Summer exploits and a mystery

  • The 1.2-pound mystery stone is part of the New Hampshire Historical Society collection. Monitor file

  • The mystery stone

  • The mystery stone

For the Monitor
Published: 8/5/2020 10:33:47 AM

Many years ago, our grandparents and their grandparents before were living during a time when they found their own entertainment during their childhoods. Swimming along the Merrimack River here in Concord, hiking around Rattlesnake Hill to explore the ongoing quarrying. Fishing in Long Pond or perhaps a visit with the traveling circus as it arrived here each summer.

The youngsters of yesteryear were very creative with their time and certainly very appreciative to enjoy their young lives. When they were not enrolled in school or working on the family farm, they gained a very healthy respect for the scarce leisure time their parents afforded them.

When my great-grandfather was a young man in his mid-30s, he lived here in Concord, the son of Irish immigrants, where he was born. He was very much like other children and enjoyed his spare time, eventually entering into the granite business as his father did before him. My great-grandfather finally purchased his own piece of land on Rattlesnake Hill and opened his own quarry where he worked long hours while offering a quality product to his consumers. As he worked each day his mind would sometime wander back to his earlier years and he found great pleasure with those fond memories.

Around the year 1892, my great-grandfather learned about a discovery in a field to the north towards the White Mountains. There was much excitement for a man plowing his field had discovered a relic that was very old. The farmer to the north of Concord sent word that he would bring his newly discovered artifact to Concord and let the people see what he had discovered. He planned to donate his find to the New Hampshire Historical Society and obtained great pleasure when he arrived in Concord, seeing many dozens of people gather around his wagon to see just what he had discovered. It was indeed a mystery and the crowd of people gathered continued to grow. My great grandfather was 38 and he too was in the crowd gathered in Concord on this day.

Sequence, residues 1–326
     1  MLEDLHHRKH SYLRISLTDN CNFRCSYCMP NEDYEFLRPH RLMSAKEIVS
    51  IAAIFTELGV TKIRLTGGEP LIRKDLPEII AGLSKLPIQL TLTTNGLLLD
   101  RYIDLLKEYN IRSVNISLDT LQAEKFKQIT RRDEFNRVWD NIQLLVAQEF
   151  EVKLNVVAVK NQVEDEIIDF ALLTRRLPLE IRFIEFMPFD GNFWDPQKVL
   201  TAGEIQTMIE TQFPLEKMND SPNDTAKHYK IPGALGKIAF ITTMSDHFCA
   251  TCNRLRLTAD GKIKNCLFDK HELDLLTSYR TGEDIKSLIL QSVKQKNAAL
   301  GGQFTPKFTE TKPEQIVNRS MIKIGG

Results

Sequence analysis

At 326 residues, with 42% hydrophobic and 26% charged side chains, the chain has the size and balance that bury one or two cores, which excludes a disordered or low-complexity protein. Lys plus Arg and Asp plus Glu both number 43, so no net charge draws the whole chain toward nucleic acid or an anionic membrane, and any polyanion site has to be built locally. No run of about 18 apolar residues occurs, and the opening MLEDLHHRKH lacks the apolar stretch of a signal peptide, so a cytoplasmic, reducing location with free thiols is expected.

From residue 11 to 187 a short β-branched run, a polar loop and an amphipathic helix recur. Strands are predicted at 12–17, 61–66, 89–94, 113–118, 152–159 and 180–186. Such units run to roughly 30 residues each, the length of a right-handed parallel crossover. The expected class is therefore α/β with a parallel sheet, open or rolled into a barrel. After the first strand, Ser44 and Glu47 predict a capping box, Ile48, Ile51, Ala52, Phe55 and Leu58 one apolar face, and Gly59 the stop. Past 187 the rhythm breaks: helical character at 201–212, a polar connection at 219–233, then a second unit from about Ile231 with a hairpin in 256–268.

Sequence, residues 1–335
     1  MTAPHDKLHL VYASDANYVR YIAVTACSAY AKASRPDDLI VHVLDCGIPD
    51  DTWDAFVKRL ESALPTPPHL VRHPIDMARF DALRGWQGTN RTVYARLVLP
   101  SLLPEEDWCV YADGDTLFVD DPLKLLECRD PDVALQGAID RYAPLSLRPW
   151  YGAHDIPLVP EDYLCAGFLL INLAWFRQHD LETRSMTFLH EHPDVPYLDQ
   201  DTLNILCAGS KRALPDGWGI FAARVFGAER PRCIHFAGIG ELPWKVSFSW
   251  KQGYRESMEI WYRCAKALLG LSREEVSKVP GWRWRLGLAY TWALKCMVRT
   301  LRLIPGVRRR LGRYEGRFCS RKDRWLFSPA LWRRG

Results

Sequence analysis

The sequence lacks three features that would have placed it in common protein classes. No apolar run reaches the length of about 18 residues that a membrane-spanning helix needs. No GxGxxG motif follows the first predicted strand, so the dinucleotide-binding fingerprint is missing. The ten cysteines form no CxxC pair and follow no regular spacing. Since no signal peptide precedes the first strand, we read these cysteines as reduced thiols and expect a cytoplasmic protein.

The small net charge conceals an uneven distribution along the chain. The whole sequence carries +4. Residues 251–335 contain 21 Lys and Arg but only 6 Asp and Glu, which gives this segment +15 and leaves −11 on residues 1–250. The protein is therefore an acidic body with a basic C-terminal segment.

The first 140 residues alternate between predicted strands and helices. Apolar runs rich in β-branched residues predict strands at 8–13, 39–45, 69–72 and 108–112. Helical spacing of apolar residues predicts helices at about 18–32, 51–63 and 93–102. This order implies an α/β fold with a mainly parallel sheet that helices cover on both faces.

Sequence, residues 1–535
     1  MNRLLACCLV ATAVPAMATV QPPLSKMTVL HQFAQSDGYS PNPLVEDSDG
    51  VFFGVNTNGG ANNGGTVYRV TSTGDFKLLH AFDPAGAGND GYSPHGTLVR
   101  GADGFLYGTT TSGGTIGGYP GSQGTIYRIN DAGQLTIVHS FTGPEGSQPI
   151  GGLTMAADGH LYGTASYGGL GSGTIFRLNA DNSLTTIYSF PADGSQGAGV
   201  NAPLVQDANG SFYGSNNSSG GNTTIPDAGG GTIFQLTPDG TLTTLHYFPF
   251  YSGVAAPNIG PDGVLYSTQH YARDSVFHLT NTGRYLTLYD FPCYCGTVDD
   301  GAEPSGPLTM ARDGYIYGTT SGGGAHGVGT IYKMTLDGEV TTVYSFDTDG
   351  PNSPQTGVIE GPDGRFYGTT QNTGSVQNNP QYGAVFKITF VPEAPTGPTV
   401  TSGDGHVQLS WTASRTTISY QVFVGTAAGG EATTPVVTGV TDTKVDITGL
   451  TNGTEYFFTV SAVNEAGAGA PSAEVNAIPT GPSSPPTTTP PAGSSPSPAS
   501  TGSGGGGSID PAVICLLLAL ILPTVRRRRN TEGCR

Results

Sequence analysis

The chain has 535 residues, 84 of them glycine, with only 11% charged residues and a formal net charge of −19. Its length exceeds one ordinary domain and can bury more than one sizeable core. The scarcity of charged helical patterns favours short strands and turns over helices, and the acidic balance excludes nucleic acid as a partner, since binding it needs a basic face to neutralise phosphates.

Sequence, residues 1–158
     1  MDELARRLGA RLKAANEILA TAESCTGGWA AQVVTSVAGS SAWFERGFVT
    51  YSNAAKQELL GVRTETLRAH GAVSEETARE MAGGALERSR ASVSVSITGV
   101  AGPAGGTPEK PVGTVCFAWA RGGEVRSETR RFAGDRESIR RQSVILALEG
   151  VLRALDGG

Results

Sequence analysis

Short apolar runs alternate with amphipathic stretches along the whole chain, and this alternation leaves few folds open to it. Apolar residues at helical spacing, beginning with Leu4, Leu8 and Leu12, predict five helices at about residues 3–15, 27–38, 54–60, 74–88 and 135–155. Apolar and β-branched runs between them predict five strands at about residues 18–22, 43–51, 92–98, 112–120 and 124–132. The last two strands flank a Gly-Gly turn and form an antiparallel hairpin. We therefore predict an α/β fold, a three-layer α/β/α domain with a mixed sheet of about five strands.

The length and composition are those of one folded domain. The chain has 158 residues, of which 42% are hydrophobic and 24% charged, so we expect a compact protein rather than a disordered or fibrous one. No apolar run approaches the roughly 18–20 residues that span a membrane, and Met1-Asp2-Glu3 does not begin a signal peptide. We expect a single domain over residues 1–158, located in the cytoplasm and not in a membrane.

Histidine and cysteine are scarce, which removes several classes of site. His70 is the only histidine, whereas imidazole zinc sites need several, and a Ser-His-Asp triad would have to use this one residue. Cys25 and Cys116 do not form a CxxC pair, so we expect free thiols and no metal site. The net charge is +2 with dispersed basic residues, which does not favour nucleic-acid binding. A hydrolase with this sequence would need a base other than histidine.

The wagon arrived as planned, the farmer from the north stood upon his wagon gazing across the crowd gathered on Main Street in front of the State House. With much care and delicacy, the farmer opened a wooden crate and reached within to extract the artifact wrapped in old burlap. The crowd tensed as the farmer slowly unwrapped his find and held it high for all to see. Within his hands he held a stone head, from the top of the forehead to the chin it was just 4 inches. From the tip of the nose to the back of the head it was just three inches. The presiding historians looked on in amazement when they realized this stone head from the fields north of Concord towards the White Mountains was not of Native American origin. In fact, some of the people in the crowd with credentials stated openly that this stone head with the large nose looked Roman. It was simply unlike anything that anyone had ever seen, especially in New Hampshire. Speculation continued as the crowd dispersed and talk continued for weeks. Who lived in New Hampshire prior to the Native Americans? Did we have explorers visiting our land from afar, perhaps Roman or even Viking?

The story circulated for many years and was very enjoyable for the most part. There simply was no explanation nor was anyone searching in vain, for the story was enjoyable and the mystique surrounding the story added greatly. My grandfather Martin Spain was born in 1894, just a couple of years after the discovery of the mysterious stone head from north of Concord. As my grandfather grew and was enrolled in the Tahanto Elementary School in Fosterville, his father shared the story with him.

My grandfather and friends from the north end enjoyed the story during their boyhoods too and were inspired to search for relics of the past as well as buried treasure right here in Concord.

The years claimed the story about the stone head and the young men and boys in Concord grew old. Sometimes in their old age they still spoke of the farmer standing tall in his wagon in front of the State House. The farmer that so proudly opened the burlap wrapped relic that he removed from the wooden crate. It was a simple story that my great grandfather told his son. My grandfather told my father and now I’m telling you.


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